Operating Systems

Stored procedures have been around since DB2 Version 4 and have seen a few changes since their inception. Version 8 (V8) brings a new requirement to using stored procedures: Workload Manager (WLM). In the past, using WLM to manage stored procedure address spaces was optional. It’s worth taking a quick look at how stored procedures work with WLM so we can understand the benefits. We may want to begin the conversion of our stored procedures from DB2 managed address spaces before we migrate to V8 to take advantage of the WLM environment.

Stored Procedure Benefits

There are many benefits to using DB2 stored procedures. The major advantage occurs when they are implemented in a client/server application that must issue several remote SQL statements. The network overhead involved in sending multiple SQL commands and receiving result sets is quite significant. Proper use of stored procedures to accept a request, process that request with encapsulated SQL statements and business logic, and return a result will lessen the traffic across the network and reduce application overhead (see Figure 1).

 

Stored procedures can also provide access to data on the host server that’s required to be secure. By using a stored procedure, the client will only need to have authority to execute the stored procedures and won’t need authority to manipulate the DB2 tables accessed from the stored procedures. We can also use them to help simplify development, maintenance, and improve availability. By removing client dependency on database design at the server level, the client code can continue to run while changes are made to underlying databases. Business logic can be incorporated into the stored procedures, minimizing changes to client code, and changes to stored procedures can be implemented while the client code is still executing.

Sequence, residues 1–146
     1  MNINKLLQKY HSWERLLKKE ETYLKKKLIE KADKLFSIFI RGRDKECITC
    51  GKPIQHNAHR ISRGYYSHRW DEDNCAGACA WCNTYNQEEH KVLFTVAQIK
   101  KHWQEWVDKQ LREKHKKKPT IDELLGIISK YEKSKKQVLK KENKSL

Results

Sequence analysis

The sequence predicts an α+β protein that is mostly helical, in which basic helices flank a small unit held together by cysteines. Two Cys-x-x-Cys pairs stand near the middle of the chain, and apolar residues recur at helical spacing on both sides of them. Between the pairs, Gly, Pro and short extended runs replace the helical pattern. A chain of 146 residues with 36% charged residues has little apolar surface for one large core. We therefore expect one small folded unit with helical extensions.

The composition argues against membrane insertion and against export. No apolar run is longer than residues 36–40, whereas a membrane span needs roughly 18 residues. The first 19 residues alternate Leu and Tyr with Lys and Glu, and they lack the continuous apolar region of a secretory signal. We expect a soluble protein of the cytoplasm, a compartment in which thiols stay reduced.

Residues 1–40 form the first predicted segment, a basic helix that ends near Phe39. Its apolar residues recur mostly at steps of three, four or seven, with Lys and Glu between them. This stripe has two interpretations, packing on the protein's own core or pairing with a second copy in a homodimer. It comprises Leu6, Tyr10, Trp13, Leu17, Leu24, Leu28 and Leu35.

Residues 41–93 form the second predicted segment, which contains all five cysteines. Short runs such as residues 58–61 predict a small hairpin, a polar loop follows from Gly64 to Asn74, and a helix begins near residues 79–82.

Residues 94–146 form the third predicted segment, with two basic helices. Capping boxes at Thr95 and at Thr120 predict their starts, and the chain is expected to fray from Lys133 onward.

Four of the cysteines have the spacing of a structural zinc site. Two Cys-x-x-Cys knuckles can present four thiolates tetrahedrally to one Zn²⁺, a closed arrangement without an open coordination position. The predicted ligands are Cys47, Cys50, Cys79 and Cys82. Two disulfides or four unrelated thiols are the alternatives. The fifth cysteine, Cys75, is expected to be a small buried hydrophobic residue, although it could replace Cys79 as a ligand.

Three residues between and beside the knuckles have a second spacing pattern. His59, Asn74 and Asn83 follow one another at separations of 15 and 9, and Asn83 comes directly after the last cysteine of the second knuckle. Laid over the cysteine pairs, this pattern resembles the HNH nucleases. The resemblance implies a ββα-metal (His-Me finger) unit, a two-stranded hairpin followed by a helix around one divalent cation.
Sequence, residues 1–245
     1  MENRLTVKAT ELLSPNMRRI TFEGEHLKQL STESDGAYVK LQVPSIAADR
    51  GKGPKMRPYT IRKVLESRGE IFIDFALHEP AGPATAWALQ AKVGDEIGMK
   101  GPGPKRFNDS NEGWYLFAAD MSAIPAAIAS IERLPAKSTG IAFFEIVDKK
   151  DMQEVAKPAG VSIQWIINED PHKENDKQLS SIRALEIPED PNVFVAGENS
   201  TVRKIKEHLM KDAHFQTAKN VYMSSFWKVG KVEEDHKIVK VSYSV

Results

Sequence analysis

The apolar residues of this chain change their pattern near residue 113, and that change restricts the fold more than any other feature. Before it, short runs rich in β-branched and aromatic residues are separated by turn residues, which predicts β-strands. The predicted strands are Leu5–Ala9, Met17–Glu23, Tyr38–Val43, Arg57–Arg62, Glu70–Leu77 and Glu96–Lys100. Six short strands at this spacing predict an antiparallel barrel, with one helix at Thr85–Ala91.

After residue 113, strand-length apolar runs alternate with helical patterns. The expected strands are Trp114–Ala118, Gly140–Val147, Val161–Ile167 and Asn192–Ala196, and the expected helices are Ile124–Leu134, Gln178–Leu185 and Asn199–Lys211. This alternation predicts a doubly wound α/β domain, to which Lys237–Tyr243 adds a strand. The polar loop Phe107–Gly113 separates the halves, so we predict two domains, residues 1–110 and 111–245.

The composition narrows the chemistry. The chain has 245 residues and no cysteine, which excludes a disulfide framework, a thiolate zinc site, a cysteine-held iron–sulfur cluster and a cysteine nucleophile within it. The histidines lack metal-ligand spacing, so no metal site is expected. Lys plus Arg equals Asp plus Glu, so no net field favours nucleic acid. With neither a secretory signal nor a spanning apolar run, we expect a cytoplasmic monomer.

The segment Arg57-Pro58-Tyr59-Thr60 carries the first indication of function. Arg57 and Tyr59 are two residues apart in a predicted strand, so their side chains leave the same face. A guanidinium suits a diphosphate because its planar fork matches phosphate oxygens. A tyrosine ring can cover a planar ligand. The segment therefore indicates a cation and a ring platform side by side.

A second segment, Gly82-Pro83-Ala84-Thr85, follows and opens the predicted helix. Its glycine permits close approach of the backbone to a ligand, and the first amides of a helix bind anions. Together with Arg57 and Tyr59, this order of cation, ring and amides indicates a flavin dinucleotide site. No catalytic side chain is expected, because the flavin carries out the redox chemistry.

Encapsulation of core business functions is also a great way to implement stored procedures. With this approach, functions can be programmed once and executed by any and all processes required for a business process. Remember, we’re not suggesting the use of simple SQL statements in a stored procedure just to act as an I/O module. This should never be done, as the performance overhead is enormous.

Another benefit of stored procedures is that we can provide access to non-DB2 data and use it in our DB2 applications. We can also use stored procedures to retrieve data from a VSAM or IMS data store for use by a DB2 client. One way we can do this is by retrieving the data into a global or declared temporary table in the stored procedure. Applications can then use SQL and result set logic for row retrieval of this data. Stored procedures also have the ability to execute a CICS transaction on behalf of a client.

Benefits of WLM

WLM, a component of OS/390, provides a workload balancing and distribution tool. This occurs based on preset user definitions. There are two WLM modes of operation: Compatibility and Goal. Goal mode requires definitions to be established for such things as priority settings and the ability to refresh stored procedure environments. Many shops often run in Compatibility mode because it doesn’t require the complex setup that Goal mode does. However, stored procedures under V8 will require WLM Goal mode operation.

DB2 is designed to work cooperatively with WLM. The enclaves enable workload management and allow a transaction to span multiple Task Control Blocks (TCBs) and/or Storage Request Blocks (SRBs).

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